Photographer's Note

As with most photographs taken through aircraft windows, the technical quality of this shot is not great, but I am posting it in the TE spirit of learning about the world through photography.

This is Laguna de Bay – the second largest inland lake in south-east Asia – which is located just to the south of Manila. It is nearly 1,000 sq kms in size, but is quite shallow (average depth is only two metres). This is the view that passengers sitting in row A will see as they fly into Manila if they are approaching the main runway from the north-east. Many people mistakenly think this is Manila Bay, but you will only see that if approaching from the other direction. The river in the bottom left of the frame leads into the Pasig River which eventually drains into Manila Bay.

You don’t see much written about Laguna de Bay in tourist guidebooks – from the air it doesn’t look like much is going on other than fish farming – so I did an Internet search for more information on Laguna de Bay.

I was shocked by what I found. There are hundreds of documents on the Internet about Laguna de Bay’s pollution problems – apparently tonnes of industrial, agricultural and human waste are discharged into Laguna de Bay every day – but what shocked me was that there doesn’t seem to be anything happening to stop the pollution or clean it up, as you would expect in most countries.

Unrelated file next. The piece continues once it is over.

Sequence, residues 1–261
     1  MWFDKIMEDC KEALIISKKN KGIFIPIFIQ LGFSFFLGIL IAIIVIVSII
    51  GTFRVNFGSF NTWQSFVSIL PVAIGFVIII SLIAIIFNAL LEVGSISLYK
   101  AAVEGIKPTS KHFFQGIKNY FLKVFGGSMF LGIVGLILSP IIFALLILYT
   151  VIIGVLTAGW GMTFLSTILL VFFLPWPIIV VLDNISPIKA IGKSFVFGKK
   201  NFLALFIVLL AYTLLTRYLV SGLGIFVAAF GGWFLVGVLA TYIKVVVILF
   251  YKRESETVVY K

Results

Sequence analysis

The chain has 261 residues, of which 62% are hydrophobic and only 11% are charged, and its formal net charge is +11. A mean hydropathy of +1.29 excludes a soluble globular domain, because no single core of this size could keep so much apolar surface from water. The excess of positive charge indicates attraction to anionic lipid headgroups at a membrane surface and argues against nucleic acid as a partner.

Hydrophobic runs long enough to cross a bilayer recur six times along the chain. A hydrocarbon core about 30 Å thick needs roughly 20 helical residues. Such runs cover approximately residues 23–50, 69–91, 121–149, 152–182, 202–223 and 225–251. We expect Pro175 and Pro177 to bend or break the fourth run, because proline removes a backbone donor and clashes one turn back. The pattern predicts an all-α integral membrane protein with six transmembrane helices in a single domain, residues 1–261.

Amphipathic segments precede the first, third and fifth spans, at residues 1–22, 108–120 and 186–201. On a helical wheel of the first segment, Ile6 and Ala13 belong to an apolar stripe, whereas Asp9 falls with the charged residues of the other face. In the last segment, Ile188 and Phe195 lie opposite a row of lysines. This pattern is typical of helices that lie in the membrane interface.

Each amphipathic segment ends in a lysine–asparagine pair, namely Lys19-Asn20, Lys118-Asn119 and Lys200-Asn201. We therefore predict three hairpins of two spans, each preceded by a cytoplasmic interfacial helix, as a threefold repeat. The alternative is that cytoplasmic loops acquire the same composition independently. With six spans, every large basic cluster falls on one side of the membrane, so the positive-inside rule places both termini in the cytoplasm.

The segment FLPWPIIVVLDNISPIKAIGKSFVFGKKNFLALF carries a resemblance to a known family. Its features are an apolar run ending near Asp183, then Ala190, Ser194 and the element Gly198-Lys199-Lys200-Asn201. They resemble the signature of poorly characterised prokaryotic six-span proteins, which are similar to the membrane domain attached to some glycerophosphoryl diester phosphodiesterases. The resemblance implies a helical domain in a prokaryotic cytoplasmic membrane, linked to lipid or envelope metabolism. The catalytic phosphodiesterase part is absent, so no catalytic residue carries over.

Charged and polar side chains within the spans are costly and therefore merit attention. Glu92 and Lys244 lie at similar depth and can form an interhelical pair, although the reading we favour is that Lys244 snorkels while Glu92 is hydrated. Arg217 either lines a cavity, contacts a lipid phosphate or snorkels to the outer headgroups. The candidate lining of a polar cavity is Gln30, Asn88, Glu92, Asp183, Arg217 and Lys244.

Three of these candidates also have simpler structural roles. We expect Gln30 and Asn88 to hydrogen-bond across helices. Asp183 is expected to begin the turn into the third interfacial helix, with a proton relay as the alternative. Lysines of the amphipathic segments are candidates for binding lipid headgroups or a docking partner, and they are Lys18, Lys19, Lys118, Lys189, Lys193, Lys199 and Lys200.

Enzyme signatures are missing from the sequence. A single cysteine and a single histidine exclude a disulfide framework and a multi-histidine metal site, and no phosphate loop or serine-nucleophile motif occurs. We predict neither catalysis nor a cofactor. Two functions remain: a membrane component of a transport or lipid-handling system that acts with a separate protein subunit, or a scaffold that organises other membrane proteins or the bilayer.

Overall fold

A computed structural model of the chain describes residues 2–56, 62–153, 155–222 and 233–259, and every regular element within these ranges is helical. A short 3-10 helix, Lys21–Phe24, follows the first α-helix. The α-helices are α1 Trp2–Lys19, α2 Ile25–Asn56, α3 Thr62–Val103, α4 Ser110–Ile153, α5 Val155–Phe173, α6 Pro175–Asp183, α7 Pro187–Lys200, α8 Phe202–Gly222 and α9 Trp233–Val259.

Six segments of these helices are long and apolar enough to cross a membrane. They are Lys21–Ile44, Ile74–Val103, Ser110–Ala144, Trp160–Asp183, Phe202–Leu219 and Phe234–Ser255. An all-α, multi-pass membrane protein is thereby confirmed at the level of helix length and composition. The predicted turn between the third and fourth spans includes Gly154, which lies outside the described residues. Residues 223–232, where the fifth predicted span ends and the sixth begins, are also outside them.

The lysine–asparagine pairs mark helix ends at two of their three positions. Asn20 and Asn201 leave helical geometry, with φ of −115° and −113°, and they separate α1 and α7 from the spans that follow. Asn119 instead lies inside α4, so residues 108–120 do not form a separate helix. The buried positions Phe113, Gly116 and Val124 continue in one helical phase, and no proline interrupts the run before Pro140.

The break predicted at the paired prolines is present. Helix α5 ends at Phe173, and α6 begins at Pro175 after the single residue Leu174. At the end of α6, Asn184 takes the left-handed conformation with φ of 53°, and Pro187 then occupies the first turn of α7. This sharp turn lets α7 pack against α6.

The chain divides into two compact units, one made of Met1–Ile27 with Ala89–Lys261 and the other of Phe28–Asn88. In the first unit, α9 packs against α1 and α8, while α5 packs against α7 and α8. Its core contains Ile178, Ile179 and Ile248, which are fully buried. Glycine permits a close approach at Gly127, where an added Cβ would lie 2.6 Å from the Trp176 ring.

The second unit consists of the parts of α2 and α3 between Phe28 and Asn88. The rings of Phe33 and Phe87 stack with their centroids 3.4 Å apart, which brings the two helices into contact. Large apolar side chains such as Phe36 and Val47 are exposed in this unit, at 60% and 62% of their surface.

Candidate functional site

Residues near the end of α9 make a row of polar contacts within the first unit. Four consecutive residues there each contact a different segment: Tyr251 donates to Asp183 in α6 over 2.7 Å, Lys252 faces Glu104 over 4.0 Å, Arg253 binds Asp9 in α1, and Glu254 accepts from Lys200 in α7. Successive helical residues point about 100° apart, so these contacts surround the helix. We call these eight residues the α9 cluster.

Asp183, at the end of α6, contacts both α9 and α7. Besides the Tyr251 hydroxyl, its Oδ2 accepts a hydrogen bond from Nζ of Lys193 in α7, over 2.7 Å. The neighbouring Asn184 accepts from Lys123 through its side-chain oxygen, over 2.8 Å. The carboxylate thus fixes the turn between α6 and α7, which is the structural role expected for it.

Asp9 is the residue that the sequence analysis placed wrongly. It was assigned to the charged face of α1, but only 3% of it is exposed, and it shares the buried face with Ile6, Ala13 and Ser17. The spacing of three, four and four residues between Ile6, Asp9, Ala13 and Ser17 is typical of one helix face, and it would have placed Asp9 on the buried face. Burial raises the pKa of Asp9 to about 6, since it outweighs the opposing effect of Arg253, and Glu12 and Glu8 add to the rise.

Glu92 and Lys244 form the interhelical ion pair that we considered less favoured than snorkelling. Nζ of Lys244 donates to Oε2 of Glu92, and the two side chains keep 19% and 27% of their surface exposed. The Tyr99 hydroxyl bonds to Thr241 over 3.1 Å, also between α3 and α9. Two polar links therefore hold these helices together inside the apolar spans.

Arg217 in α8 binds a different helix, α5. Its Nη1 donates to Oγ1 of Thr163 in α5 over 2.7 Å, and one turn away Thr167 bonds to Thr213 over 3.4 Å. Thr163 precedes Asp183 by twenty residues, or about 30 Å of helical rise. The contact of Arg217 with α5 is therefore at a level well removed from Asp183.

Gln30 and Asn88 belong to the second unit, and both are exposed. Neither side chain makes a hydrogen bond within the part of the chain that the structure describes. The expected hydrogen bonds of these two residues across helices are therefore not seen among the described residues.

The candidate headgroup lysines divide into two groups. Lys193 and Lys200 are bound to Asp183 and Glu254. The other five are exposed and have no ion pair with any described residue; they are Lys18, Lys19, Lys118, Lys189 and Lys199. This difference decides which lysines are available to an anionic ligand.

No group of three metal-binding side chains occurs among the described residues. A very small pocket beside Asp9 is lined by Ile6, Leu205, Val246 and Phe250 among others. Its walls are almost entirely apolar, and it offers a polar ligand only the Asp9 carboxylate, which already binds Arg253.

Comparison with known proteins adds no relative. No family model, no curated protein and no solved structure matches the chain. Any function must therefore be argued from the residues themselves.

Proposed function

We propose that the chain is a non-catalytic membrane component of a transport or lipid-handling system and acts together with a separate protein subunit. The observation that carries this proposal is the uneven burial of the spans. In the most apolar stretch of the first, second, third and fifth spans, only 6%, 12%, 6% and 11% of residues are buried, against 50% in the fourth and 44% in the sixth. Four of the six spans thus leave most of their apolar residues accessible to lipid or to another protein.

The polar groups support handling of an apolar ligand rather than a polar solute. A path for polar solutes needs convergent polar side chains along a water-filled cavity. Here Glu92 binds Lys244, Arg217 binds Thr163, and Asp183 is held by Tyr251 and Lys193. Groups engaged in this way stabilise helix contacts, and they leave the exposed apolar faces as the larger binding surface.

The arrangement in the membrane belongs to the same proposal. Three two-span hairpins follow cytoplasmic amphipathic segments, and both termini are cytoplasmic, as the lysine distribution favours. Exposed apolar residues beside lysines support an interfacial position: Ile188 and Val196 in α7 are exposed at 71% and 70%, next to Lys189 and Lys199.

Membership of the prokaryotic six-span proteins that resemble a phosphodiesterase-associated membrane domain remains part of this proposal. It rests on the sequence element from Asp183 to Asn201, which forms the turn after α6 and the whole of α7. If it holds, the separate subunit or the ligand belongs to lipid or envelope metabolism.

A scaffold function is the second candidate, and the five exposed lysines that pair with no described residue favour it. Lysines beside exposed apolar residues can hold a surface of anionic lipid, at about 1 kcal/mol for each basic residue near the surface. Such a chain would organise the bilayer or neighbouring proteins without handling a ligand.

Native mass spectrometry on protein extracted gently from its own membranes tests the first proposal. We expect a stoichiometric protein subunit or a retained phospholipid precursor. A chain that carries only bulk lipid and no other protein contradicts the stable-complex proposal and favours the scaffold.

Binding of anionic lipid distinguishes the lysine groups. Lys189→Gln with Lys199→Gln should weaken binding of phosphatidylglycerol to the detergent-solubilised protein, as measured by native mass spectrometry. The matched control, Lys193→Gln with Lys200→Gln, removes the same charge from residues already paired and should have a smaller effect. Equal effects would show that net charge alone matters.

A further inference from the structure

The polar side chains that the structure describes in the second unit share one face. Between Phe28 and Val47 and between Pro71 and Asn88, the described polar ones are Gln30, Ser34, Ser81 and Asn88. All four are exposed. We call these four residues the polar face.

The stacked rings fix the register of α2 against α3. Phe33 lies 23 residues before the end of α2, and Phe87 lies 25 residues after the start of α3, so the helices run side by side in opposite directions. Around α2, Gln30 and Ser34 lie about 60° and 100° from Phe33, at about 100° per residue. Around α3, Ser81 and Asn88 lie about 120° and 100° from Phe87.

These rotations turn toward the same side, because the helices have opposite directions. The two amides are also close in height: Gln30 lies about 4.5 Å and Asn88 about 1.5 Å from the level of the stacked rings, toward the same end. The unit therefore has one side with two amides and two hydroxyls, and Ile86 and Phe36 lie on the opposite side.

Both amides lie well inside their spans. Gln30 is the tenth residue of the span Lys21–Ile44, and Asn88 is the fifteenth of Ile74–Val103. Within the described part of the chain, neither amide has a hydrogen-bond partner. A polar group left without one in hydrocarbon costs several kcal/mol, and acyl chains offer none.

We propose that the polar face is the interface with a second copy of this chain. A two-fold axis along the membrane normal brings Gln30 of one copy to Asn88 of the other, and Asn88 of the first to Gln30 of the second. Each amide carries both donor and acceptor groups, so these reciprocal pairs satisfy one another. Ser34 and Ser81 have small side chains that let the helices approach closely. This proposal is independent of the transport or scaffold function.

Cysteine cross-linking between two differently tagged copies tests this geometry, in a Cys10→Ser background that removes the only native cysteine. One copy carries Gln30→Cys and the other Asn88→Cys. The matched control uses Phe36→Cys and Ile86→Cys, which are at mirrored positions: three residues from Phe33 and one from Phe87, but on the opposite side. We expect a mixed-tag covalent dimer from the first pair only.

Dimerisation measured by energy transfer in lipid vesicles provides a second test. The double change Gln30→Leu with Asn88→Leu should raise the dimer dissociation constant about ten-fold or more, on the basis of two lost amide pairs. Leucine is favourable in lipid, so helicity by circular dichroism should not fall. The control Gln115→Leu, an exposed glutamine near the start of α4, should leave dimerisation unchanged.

In fact, quite the opposite is happening. The local authorities apparently have a ‘user pays’ scheme for polluters (they call it an ‘Environmental User Fee System’ which was introduced in 1996 to “internalise the cost of environmental degradation”). Under this system, companies discharging waste products into the lake obtain an annual discharge permit and then pay a fee (which didn’t seem large to me) which varies depending on whether the discharge contains heavy metals or not (heavy metal discharges are those defined as containing metallic chemical elements that have a relatively high density and are toxic or poisonous at low concentrations e.g. mercury, lead, arsenic, cadmium, etc).

Surprisingly Laguna de Bay still supports quite a big fishing industry. The website tells us what fish are produced in this entry:

“Native fish species include Manila catfish, freshwater eel, goby, Indonesian bard, common carp, Thai catfish and gowary” But then also notes: “Declining fish productivity, diminishing phytoplankton community composition, and high heavy metal levels in lake biota are all evidence of significant pollution and significant stressors on Laguna de Bay's aquatic life”.

The website also talks about “sewage flows freely through surface waters”.

So my Philippines travel tip for the day would be: next time you are in a fish restaurant in Manila – avoid the local catfish, eel, goby, bard, carp and gowary. It’s the one time that fish might not be good for your health.

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Additional Photos by David Astley (banyanman) Gold Star Critiquer/Gold Star Workshop Editor/Gold Note Writer [C: 1231 W: 108 N: 2568] (7797)
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